The courts have a proven track record of fashioning balanced remedies for the copyright challenges created by new technologies. But when Congress passed the Digital Millennium Copyright Act in 1998, it cut the courts out of this role and instead banned any devices that "circumvent" digital rights management (DRM) technologies, which control access to copyrighted content.
The result has been a legal regime that reduces options and competition in how consumers enjoy media and entertainment. Today, the copyright industry is exerting increasing control over playback devices, cable media offerings, and even Internet streaming. Some firms have used the DMCA to thwart competition by preventing research and reverse engineering. Others have brought the weight of criminal sanctions to bear against critics, competitors, and researchers.
The DMCA is anti-competitive. It gives copyright holders—and the technology companies that distribute their content—the legal power to create closed technology platforms and exclude competitors from interoperating with them. Worst of all, DRM technologies are clumsy and ineffective; they inconvenience legitimate users but do little to stop pirates.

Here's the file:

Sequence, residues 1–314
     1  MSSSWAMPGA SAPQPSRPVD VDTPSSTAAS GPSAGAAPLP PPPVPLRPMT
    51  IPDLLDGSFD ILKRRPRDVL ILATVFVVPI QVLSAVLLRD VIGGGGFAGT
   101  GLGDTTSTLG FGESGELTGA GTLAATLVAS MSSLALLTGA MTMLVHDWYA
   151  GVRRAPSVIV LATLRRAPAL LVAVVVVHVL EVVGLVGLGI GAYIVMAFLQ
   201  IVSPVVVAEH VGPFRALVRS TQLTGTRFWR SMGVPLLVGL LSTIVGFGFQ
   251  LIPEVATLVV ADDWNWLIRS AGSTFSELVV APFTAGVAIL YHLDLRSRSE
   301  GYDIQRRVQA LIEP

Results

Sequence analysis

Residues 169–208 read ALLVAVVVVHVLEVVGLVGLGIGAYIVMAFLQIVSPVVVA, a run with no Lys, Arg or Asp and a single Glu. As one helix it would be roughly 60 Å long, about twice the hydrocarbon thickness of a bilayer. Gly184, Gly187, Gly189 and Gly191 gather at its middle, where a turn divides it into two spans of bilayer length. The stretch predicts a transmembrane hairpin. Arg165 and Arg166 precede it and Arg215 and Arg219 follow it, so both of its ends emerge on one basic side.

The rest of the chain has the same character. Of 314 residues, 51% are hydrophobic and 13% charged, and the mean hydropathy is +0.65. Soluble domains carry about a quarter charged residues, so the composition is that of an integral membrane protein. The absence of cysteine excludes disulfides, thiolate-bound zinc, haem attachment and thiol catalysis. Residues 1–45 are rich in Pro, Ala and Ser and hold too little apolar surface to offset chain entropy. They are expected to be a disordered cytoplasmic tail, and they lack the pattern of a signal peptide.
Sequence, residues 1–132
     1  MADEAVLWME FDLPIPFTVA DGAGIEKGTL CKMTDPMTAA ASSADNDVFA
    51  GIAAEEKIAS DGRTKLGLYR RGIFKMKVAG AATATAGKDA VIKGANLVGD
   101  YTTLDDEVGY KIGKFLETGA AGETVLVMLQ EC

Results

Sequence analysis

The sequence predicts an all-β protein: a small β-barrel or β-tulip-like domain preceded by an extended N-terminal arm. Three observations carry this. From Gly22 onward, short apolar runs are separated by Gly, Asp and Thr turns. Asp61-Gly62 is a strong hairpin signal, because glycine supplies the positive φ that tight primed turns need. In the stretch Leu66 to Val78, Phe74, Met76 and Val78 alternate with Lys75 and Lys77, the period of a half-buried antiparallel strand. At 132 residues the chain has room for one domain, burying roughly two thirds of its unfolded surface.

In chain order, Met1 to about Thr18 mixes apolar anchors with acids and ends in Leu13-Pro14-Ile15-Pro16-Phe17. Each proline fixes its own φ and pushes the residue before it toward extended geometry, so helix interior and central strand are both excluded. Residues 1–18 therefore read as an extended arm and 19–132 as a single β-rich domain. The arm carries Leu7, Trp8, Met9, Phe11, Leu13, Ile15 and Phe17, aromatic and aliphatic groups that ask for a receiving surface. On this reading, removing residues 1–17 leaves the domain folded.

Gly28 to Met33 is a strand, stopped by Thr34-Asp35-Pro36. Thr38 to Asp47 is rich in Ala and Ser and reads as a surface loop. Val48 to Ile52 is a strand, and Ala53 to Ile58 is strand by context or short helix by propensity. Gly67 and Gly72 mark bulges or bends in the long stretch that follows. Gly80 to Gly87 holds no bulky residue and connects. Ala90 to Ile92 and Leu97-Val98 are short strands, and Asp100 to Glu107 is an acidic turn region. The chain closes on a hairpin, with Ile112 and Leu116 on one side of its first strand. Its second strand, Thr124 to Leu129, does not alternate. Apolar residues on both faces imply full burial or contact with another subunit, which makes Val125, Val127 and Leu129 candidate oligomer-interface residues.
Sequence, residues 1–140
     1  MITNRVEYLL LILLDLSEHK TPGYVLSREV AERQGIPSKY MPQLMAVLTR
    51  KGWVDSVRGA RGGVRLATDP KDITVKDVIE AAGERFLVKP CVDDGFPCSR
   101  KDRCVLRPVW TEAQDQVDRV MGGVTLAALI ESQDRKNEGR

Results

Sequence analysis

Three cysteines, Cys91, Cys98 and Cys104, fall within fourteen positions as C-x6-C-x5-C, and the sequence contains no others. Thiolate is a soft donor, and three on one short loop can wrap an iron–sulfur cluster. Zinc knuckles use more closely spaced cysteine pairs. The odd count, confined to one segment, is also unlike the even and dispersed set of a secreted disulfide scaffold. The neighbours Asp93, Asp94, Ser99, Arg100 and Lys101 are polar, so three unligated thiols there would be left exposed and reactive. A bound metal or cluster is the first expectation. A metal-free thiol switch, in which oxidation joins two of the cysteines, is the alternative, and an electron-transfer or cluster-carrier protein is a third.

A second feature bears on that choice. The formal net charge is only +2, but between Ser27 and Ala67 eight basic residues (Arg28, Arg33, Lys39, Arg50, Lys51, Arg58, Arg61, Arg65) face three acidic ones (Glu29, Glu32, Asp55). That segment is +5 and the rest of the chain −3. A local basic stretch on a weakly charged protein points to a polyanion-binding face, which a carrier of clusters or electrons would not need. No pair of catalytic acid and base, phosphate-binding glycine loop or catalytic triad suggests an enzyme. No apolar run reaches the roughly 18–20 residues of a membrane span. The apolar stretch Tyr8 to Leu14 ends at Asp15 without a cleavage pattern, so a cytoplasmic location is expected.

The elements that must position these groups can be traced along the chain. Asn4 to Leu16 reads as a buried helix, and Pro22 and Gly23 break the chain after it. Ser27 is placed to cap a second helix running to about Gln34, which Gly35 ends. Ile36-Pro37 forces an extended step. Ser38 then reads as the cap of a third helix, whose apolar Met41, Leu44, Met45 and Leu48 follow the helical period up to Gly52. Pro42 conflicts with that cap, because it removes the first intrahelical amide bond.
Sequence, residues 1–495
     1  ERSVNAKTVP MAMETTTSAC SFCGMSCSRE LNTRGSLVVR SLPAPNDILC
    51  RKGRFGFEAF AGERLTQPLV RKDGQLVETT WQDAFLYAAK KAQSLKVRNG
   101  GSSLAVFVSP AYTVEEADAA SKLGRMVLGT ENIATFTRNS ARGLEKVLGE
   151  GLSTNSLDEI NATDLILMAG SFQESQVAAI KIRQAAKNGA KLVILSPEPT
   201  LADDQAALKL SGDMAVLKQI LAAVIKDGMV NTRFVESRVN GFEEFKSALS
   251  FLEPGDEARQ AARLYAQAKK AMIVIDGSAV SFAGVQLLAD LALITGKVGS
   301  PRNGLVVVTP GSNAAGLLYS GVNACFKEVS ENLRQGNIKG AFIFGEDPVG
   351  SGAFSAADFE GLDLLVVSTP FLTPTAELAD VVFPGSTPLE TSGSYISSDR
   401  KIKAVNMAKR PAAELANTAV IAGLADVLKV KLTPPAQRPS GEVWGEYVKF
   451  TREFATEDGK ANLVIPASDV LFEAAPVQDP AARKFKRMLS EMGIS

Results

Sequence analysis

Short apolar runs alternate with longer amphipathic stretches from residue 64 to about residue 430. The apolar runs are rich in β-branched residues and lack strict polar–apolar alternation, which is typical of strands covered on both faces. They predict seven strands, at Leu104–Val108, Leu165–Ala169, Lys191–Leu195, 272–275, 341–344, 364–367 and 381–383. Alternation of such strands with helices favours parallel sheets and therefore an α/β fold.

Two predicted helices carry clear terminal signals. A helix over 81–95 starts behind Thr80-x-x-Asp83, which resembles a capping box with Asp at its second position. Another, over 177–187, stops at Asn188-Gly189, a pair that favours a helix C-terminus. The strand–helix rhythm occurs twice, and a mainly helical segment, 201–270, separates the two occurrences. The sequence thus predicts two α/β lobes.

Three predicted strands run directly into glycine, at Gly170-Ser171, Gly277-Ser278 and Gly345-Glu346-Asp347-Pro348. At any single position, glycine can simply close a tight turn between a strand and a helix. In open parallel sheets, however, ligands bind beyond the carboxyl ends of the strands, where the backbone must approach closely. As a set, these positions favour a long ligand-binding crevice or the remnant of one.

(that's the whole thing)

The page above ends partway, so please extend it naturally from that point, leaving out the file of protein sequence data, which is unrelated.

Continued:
Fortunately, repeal of the DMCA would not lead to intellectual property anarchy. Prior to the DMCA's enactment, the courts had already been developing a body of law that strikes a sensible balance between innovation and the protection of intellectual property. That body of law protected competition, consumer choice, and the important principle of fair use without sacrificing the rights of copyright holders. And because it focused on the actions of people rather than on the design of technologies, it gave the courts the flexibility they needed to adapt to rapid technological change.